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So far I found this looking at http://oldguns.net/cgi-bin/f2f/f2f.pl?http://www.oldguns.net/q&a11_00.htm That seems to match your description.

Maker Model Caliber Barrel Length Finish Serial Number
Winchester 1876 Maybe 45-75 ( Not Marked) Unsure Blue 84XX

Winchester's- Repeating Arms, New Haven. CT. King's Improvement-Patented-March 29, 1866. October 16, 1860 (Stamped on top of the octagon barrel in front of the rear sight). Underside of the stock to the rear of the lever lock believed to be serial number 8421.Top of stock located to the rear of the hammer " Model 1876". This rifle was carried by my Great Grandfather during the settling of the Oklahoma territory, or so I've been told. I'd appreciate any information you could give me concerning the history, value etc. The gun is at least in "very good" condition. I am also seeking information concerning ammunition. I am an avid hunter and I'd like to be able to take a deer with a rifle that my Great Grandfather may have taken buffalo with. Can you recommend a specific book that might shed some more light on this ? Thanks for your time. Mark

Answer:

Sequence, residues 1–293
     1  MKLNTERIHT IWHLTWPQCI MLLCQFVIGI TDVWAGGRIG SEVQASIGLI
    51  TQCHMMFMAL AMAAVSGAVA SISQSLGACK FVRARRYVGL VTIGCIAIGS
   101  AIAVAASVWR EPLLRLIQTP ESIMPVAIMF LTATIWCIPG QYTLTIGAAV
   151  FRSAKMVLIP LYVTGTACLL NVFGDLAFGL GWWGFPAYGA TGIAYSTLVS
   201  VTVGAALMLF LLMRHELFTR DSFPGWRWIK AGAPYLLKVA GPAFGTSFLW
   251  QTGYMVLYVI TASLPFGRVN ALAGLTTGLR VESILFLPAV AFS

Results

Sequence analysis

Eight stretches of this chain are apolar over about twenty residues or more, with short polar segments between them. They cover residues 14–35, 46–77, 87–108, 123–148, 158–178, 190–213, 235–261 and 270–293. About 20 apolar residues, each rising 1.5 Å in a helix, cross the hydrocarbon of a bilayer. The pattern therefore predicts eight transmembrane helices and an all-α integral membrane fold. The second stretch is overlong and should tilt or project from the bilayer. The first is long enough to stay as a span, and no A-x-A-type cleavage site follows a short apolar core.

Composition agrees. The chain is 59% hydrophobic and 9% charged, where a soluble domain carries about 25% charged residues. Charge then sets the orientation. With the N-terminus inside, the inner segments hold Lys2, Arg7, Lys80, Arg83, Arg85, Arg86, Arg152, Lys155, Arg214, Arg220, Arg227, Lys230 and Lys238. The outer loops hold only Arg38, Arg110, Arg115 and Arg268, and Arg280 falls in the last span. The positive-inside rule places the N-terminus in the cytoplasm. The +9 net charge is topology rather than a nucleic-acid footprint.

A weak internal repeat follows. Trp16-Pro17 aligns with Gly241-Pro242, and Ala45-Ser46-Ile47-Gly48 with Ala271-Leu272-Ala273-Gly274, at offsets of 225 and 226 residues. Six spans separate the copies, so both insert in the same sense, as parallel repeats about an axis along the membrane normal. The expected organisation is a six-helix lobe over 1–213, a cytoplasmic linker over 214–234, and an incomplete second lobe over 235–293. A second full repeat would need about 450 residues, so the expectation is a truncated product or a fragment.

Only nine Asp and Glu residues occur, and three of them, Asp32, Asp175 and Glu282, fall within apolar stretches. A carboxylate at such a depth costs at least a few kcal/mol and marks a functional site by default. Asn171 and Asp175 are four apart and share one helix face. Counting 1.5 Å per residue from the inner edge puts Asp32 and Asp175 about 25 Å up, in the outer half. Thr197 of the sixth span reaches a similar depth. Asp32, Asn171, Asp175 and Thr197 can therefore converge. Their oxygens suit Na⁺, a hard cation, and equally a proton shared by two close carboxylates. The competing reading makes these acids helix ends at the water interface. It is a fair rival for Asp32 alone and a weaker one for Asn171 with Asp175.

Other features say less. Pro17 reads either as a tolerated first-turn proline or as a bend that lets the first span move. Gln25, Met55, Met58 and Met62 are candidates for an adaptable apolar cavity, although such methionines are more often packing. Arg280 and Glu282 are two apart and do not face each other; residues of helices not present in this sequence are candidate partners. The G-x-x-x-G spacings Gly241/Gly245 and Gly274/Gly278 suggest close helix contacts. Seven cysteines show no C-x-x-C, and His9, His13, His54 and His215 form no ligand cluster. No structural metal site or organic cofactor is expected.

Mark- Sounds like a neat old gun. Made in 1879, collectors call your the "late second model." The caliber is usually marked on the barrel near the receiver, and on the bottom of the brass elevator block that raises the cartridge inside the action. Once you figure out the caliber (.40-60, .45-60, .45-75 and .50-95 are your basic choices) you can start looking for ammo, which will be hard to find, and probably a tad expensive. A Winchester "Factor Letter" from the Cody Firearms Museum would probably tell when and where it was initially shipped, but tracing it after that is nearly impossible. The value in NRA antique good condition for the Model 1876 according to Flayderman's Guide is either $650, or $1,000 or $2,750, and in fine, the same models are worth $2,000, $3,000 and $6,000 respectively. We cannot guess which of these values applies to yours because you didn't provide the barrel length to help identify it as the carbine, rifle, or musket model. Now you know why we take the time to specifically ask for barrel length. It is not a scheme to increase ruler sales, but a way to help collectors get accurate information. Book recommendations: "Flayderman's Guide" ($21.50 plus $4 shipping- see our book page) for basic information. George Madis "The Winchester Book" for lots of minute details and photos on all the older Winchester models. There is a brand new book out (title???) specifically on the 1876 Winchester that would be fascinating to the owner of the unbelievable display of about TWENTY 1876s in .50 caliber we saw over in Denver last year, but may be a bit more than many of us really need. Hope this helps... John
 
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